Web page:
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October 3, 2012     Spirit of Jefferson Farmers Advocate
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October 3, 2012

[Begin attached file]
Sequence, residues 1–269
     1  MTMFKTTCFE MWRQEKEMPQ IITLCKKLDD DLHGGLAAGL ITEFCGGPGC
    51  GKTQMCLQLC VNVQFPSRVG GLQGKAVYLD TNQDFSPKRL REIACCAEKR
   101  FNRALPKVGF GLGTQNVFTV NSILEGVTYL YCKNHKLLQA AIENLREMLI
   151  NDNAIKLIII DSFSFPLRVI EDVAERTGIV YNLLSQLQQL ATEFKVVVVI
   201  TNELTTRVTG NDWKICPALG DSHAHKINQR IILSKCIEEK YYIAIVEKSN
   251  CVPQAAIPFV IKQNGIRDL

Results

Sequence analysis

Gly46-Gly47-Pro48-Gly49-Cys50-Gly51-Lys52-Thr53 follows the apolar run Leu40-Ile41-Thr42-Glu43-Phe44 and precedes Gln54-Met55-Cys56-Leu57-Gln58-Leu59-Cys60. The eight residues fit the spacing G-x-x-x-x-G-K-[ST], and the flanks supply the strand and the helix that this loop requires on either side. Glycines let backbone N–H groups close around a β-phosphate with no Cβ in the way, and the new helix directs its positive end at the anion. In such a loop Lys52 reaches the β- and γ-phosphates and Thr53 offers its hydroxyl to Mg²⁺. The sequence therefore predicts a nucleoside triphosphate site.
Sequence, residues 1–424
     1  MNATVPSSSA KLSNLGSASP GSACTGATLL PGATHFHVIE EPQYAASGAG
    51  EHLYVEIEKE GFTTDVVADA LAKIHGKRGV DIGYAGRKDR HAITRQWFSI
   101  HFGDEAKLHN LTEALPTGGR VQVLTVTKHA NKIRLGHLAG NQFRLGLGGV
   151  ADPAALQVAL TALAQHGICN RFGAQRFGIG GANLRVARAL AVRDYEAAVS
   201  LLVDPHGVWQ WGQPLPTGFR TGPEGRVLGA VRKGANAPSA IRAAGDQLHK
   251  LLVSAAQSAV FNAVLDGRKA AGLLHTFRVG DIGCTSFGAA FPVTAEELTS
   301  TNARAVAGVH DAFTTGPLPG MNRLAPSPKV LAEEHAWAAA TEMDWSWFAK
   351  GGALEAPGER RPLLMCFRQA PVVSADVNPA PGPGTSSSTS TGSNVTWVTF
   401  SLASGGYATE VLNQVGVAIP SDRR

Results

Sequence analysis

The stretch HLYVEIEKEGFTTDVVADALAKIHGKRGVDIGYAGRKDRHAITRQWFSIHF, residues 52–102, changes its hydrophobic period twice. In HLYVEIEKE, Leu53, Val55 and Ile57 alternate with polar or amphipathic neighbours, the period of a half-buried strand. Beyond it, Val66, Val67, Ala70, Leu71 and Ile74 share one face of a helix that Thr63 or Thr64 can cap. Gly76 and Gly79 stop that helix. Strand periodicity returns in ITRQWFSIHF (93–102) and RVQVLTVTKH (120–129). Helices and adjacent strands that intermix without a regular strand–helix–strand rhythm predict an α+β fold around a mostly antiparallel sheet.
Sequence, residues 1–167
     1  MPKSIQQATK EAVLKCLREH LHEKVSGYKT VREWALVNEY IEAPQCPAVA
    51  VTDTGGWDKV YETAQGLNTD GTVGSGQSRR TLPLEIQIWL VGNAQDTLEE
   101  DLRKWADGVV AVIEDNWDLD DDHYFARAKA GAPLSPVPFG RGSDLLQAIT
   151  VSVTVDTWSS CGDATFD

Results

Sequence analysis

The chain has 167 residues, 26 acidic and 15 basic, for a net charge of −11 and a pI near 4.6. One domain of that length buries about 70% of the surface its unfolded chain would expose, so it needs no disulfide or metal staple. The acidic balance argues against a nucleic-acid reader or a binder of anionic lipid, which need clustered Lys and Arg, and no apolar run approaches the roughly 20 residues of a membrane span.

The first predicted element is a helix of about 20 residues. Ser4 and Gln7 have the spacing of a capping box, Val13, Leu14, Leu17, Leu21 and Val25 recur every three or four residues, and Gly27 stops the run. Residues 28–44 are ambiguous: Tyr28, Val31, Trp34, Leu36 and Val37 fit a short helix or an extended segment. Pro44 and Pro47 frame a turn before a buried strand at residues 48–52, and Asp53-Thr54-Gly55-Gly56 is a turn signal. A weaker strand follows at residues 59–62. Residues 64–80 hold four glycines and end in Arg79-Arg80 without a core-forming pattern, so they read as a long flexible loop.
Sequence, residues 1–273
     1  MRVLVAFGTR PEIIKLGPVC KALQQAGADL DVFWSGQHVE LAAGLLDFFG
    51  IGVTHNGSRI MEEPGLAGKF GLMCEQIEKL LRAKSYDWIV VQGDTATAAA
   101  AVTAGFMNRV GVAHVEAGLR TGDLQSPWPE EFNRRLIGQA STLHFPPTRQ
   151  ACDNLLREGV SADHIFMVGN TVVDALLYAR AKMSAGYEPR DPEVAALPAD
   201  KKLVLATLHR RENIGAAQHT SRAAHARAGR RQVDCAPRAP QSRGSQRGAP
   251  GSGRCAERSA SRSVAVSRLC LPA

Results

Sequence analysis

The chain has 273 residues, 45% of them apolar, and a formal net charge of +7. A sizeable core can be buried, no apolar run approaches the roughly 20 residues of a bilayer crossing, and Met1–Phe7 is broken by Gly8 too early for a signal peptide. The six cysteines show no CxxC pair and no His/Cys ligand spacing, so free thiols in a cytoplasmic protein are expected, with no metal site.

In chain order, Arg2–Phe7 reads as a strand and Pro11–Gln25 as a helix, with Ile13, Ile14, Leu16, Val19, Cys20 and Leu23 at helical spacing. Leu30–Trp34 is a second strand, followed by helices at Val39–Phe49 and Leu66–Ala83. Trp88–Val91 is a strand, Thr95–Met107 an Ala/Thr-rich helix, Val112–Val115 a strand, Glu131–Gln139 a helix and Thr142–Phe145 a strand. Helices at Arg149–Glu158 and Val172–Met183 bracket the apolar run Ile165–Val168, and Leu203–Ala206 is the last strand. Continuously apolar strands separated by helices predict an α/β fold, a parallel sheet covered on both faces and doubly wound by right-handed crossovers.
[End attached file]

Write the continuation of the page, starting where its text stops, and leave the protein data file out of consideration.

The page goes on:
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B12 Wednesday, October 3, 2012 ,J p ,n .i B, O ROBERT SMITH Spirit Staff CHARLES TOWN Charlie Daniels has been playing pro- fessionally since 1958. He has played with countless fa- mous musicians and won many awards, including two Grammys. His 1979 single, "The Devil Went Down to Georgia," is a legendary crossover radio hit. He helped co-write a song made famous by Elvis Presley. He re- corded three albums with Bob Dy- lan and had numerous collaborations with The Marshall Tucker Band. After more than 50 years on the road tour- ing, most people would feel satisfied and be ready to take it easy. Not Charlie Daniels. "I will retire when I am 100," Dan- iels said. "I make no plans for retire- ment. Really, when you get right down to it, what would I retire to do? There's a lot of things I enjoy doing: I enjoy horseback riding, I enjoy playing golf, I enjoy hunting and fishing, I enjoy a lot of things. But, none of them I en- O joy as much as playing music. There somebody like me -- in fact, I used to is nothing to retire to for me. My wife play rock music with a bluegrass band travels with me everywhere I go, so because I was so intrigued with it -- it's like home away from home for me. to play rock." Daniels said he bought There's no reason for me to do any- an electric guitar when he was 18 and thing else. My health is good and I am started applying this new sound. "It still able to entertain people. I would was my thing. Then I went into Bill retire if I couldn't entertain people." Haley, Little Richard and Fats Domi- The soon-to-be 76-year-old music no then later on, Wilson Picket and the legend has successfully blended coun- R&B-type people." try music and rock music throughout Aside from Presley, Daniels said his career. The songwriter behind such working with artists like Dylan and hits as "Long Haired Country Boy" Leonard Cohen allowed him to learn and "The South's Gonna Do It" draws new things. upon many genres of music, all going The Wilmington, N.C., native grew back to his childhood influences, up in an era before on-demand music "When I first started playing, I got platforms, such as iPods and satellite into a bluegrass band because I was radio. New music was harder to come into fiddling. I was a bluegrass purist, by for an aspiring musician. That is what I wanted to hear and what "The time that I came along, radio I wanted to play." . stations were far and few between," That all changed with the arrival on Daniels said, in his distinctive South- the music scene of Presley, Carl Per- ern drawl. "In the rural part of the kins and Jerry Lee Lewis. The rocka- South where I came (from), maybe billy style was guitar-oriented rather your town would have one and maybe than the hem-oriented and had a pro- it wouldn't. But the radio stations liter- found impact on Daniels. ally had the mandate that they had to '"Rock music started with big bands have something for everybody. They playing music with a beat, if you look would play gospel music on Sunday. back on it," Daniels said. "When they They would play country music in the came along, it made it possible for morning and when the kids came home .i Y Inwo venue to expand mu cal genre Shiley Acres isn't just for hard rock bands anymore. Owner Greg Shiley Said he wants to broaden the appeal of the open air concert venue that he revived this year after a two-decade break. 'We plan on doing some country western music, we plan on doing some blue- grass in the future and we plan on doing rock and roll," Shiley said. 'We plan to do Southem rock and modern rock, too." Shiley said reopening Shiley Acres was a challenge, but worthwhile. 'q-he re- sponse from the fans and the community, from the County Council to the sheriff's department, has all been all good. We are looking forward to next year. We have a lot of stuff on our plate." Shiley is excited about this Saturday's show, which features Charlie Daniels, who last appeared in the area in 2009 at Pickin' in the Panhandle. 'qhis is going to be fun," Shiley said. "1 have wanted to do Charlie Daniels for 34 years. I have waited a long time to do this show. Rain or shine, it's going to be a blast." - Robert Smith from school, whatever pop music of the over chart topper. His music appeals to : day happened to be. When I first start- many different audiences. ed to listen, it was Big Bands. I was "When I think of our music, if I lit- exposed to so many different kinds of erally had to put a genre to it, I would music during my formative years that call it 'American music' because we when I got ready to do original music do basically all the kinds of music that it all just stayed with me and I have al- America has contributed to the world ways been irreverent to mixing styles music scene," Daniels said. "We do of music." country, we do jazz, we do rock, we do Because of his myriad of musical influences, Daniels has been a cross- @ See DANIELS Page B13 ~m Shepherdstown's Sotto Voce festival puts poetry in limelight this weekend CHRISTINE MILLER FORD Spirit Staff SHEPHERDSTOWN - Robert Frost, the New England poet as be- loved as ever nearly a half-century af- ter his death, once explained his work this way: "Poetry is when an emotion has found its thought and the thought has found words." Friday and Saturday in Shepherd- stown, the eighth-annual Sotto Voce Poetry Festival will spotlight Frost and other award-winning poets with a series of lectures, workshops and other events, many of them open and free to the public. One of the most anticipated offer- ings comes Saturday afternoon when award-winning poet and Ohio State University professor Andrew Hud- gins presents "Out, Out," a talk on Frost and his 1916 poem by the same name. The Texas-born Hudgins - a Pu- litzer Prize finalist for "Saints and Strangers," his 1985 volume of poet- ry - will deliver the free talk at 4 p.m. at Four Seasons Books at 131 W. Ger- man St. Hope Maxwell-Snyder, who con- tinues to run the festival she launched in 2005, says that over the years it Andrew Hudgins, a poet who teaches at Ohio State University, on Saturday will present "Out, Out," a free talk on Robert Frost. The lecture is part of the Sotto Voce Poetry Festival, which begins Friday in Shepherdstown. has attracted participants from the re- gion as well as from far away as D.C., New Jersey, New York, even Califor- nia. "The festival stemmed from my passion for poetry," said Maxwell- Snyder, who grew up in Bogota, Co- lombia, where her grandfather passed along his love for poetry, asking that she memorize and recite poems. Maxwell-Snyder, who holds de- See POETRY Page B13 t Historic 'Asylum' finds home in Charles Town CHRISTINE MILLER FORD Spirit Staff CHARLES TOWN - Art lovers can see 20 images from award-winning photographer Rip Smith's latest proj- ect, "Asylum," in the Old Firehouse Gallery at the Washington Street Art- I .a, t, ,b o~ ~u ~J 7, o, ':,, RIP SMITH '~, ists' Cooperative now through Oct. 28. Virginia hasn't held patients since : It's an insider's look into the gargan- 1994. These days, the building is pri- tuan structure where mentally ill West vately owned and available for the pub- .'. Virginians were treated for more than a lic to tour. century starting in 1864. Smith's project began in the summer Known first as the Trans-Allegheny of 2011 as he drove back to the Eastern , Lunatic Asylum and then Weston State Hospital, the facility in central West See ASYLUM Page B14 ,~